Diabetes mellitus,or sugar diabetes, occurs when insufficient insulin is produced by the pancreas.  Since insulin normally drives the glucose (sugar) from the blood into the cells to be used, lack of insulin results in hyperglycemia (high blood sugar levels).  The hyperglycemia is seen as increased thirst and urination.  Since the cells are deprived of their primary energy source (glucose), they begin to breakdown other substances and produce ketones (acids) as by-products.  The lack of glucose in the cells also produces hunger and weight loss.  As the disease progresses, ketone accumulation makes the animal feel very depressed, weak, nauseous, and can affect many of the vital organs.  The liver may become diseased as the body tries to use fat as an energy source, and the fat accumulates in the liver cells.  If the diabetes can be regulated with diet and medication, most pets will do very well.  Their need for insulin is usually lifelong.  Many patients can be adequately controlled but unfortunately, not every patient.  Some animals have complicating factors that are present initially or develop after the patient has been doing well for some time.  Infections, corticosteroids, overactive adrenal glands, growth hormone excess, hyperthyroidism, gastrointestinal disease or even diet change can complicate the control of diabetes mellitus and must be addressed on an individual basis.

Attempts to control the hyperglycemia consists of insulin administration by injection, usually twice daily.  Various forms of insulin are available and your pet may need different forms and doses at different times.  Occasionally, cats can be managed with an oral medication or diet control.  If your pet is happy and eating, initial control may be done on an outpatient basis with frequent rechecks to confirm adequate response.  If your pet is not eating or is otherwise sick, initial management will be done in the hospital with intravenous fluid support.  A very sick patient may stay up to two weeks in the hospital.  Our goal is to get them feeling better, eating, drinking and not vomiting before they go home.  After they go home, periodic elevations of weight and blood sugar levels are recommended as a patient’s needs can change.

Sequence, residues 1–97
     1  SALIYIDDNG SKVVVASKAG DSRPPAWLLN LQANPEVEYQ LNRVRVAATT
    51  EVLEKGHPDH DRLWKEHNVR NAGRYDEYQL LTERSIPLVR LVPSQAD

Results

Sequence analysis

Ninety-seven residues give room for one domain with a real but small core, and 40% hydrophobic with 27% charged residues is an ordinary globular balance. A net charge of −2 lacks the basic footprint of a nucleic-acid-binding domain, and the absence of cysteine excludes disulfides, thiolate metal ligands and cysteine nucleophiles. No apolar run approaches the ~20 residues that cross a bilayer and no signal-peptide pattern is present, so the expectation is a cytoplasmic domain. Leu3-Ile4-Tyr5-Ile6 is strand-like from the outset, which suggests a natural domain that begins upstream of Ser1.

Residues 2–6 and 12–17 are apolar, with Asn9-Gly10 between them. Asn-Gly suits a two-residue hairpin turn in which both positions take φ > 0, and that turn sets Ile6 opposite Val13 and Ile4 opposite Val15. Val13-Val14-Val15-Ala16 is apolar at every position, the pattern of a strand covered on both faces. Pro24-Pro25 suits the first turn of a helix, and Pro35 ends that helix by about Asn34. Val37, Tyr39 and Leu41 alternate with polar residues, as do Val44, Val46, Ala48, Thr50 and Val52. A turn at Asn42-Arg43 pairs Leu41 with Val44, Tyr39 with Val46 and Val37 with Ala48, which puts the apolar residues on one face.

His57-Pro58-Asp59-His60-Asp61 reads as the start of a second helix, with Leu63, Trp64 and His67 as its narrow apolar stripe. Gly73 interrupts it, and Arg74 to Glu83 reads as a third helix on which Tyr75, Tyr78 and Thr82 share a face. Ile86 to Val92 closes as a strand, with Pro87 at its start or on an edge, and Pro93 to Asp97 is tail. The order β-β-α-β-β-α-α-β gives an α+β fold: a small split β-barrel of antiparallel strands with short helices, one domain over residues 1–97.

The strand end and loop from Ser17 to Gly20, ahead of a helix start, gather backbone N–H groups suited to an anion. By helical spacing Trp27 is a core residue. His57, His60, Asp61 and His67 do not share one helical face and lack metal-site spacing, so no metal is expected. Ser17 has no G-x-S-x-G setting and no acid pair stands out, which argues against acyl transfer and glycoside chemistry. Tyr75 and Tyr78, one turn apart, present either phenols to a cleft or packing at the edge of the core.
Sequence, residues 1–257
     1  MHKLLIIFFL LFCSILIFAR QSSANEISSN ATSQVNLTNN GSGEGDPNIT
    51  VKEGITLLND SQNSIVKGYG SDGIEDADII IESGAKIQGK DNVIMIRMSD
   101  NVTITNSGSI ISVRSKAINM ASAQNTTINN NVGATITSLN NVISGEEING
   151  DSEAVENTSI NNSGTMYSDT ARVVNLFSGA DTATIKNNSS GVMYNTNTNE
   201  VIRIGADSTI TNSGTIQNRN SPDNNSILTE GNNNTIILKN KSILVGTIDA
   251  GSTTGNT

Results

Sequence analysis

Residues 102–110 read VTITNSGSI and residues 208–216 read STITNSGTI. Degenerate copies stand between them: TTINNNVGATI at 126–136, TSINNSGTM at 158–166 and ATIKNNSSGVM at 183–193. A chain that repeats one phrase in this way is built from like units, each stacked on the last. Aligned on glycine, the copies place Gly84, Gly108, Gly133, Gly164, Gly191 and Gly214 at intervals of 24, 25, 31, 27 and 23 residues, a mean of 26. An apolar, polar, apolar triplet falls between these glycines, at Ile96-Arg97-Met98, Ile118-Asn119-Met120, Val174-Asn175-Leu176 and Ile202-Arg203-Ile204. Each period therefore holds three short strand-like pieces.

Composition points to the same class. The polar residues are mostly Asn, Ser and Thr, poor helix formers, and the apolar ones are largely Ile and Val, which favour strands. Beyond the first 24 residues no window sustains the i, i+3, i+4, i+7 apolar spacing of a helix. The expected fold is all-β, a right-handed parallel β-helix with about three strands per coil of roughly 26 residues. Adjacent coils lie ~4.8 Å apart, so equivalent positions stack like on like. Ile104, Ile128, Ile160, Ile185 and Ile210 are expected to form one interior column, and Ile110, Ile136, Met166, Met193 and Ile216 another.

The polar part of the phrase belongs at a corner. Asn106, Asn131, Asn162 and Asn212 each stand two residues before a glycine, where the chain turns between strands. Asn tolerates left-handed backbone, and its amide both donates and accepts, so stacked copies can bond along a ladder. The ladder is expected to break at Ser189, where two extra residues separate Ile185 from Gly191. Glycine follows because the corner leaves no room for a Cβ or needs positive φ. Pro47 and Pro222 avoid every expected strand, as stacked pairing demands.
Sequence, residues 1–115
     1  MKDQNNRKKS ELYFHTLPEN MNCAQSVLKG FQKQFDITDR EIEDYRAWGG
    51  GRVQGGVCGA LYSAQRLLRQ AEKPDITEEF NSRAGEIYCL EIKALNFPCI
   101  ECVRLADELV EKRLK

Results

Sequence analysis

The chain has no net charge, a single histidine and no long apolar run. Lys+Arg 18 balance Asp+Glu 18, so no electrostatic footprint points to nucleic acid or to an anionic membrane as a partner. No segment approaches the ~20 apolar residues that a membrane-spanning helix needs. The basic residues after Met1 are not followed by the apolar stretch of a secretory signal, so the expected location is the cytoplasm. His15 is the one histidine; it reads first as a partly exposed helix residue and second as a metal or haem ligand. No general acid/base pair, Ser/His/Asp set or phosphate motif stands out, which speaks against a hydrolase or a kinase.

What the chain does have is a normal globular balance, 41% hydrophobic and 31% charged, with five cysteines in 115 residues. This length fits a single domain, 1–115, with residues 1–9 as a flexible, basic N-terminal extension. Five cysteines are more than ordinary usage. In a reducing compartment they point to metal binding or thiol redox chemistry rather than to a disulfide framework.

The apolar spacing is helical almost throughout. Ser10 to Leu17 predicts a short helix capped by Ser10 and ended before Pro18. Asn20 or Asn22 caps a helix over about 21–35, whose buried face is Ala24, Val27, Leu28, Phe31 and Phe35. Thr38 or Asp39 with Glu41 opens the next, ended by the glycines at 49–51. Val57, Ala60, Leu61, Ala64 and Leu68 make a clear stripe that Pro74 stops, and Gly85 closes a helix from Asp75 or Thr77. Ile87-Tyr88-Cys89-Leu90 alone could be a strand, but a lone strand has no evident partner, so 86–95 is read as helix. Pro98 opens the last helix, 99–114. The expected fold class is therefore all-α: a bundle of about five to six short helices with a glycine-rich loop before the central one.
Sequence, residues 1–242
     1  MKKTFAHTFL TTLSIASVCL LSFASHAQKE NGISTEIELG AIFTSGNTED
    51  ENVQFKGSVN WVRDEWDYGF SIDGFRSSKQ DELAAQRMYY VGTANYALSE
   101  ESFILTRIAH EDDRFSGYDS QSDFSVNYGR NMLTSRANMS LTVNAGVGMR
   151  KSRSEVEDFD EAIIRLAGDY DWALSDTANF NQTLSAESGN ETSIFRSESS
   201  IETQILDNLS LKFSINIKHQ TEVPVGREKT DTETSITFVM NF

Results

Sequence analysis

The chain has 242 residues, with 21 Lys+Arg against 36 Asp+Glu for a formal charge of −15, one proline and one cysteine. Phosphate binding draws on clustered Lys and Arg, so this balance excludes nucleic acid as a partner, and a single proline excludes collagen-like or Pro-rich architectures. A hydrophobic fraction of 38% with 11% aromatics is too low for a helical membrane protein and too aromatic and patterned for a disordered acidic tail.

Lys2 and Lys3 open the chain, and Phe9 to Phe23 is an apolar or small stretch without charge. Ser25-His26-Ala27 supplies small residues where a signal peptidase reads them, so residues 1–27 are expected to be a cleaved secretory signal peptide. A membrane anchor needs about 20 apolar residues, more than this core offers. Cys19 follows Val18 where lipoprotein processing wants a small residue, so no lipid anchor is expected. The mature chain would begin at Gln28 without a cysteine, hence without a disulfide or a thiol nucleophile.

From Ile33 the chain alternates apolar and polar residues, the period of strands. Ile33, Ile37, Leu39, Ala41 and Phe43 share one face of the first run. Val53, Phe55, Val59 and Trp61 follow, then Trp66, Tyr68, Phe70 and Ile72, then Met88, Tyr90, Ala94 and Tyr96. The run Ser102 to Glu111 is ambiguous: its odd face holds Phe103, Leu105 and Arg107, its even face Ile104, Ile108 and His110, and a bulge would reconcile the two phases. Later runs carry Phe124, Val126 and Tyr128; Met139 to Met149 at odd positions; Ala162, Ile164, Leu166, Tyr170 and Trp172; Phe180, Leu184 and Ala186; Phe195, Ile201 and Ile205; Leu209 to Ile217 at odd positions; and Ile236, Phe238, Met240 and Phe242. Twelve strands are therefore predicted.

The goal is not to achieve “perfect” glycemic control.  To do so, risks a hypoglycemic event.  It is better to have mild hyperglycemia (high blood sugar levels) than significant hypoglycemia (low blood sugar levels).  Hypoglycemia is seen as weakness, wobbliness, or seizures.  If this occurs, attempt to put karo syrup on the gums and report the problem immediately.  Do not stick you fingers in your pet’s mouth during these episodes as they may inadvertently bite you.   Seizuring patients usually require intravenous glucose administration and should be seen immediately.  Other concerns such as resurgence of thirst or appetite, weight loss, loss of appetite, or depression should of course also be reported to us.

If your pet fails to eat, skip the insulin injection for that dose.  Alert the office if this persists for more than one meal.  If you are not sure if all the insulin went in, do not adminster more.  In dogs, a high fiber, low fat diet is generally preferred.  In cats, a high protein, low carbohydrate diet is generally used.  Weight loss in obese patients can be quite helpful in controlling diabetes mellitus.  Treats or snacks can seriously impact diabetic control and should be avoided.  Unlimited free access to water is recommended.  We hope this handout is helpful in understanding the disease affecting your pet.


4/09  If you have internet access, you may go to BDdiabetes.com for more information.  The main page has a section titled “Diabetes and pets”.  If you select the link, you may view a slideshow demonstration of how to administer an insulin injection.  In addition, you may visit vetsulin.com for similar information.  Please bear in mind that the type and concentration of insulin your veterinarian has prescribed may not be the same as is referred to on these sites.  Please verify this information with the veterinarian PRIOR to any insulin administration.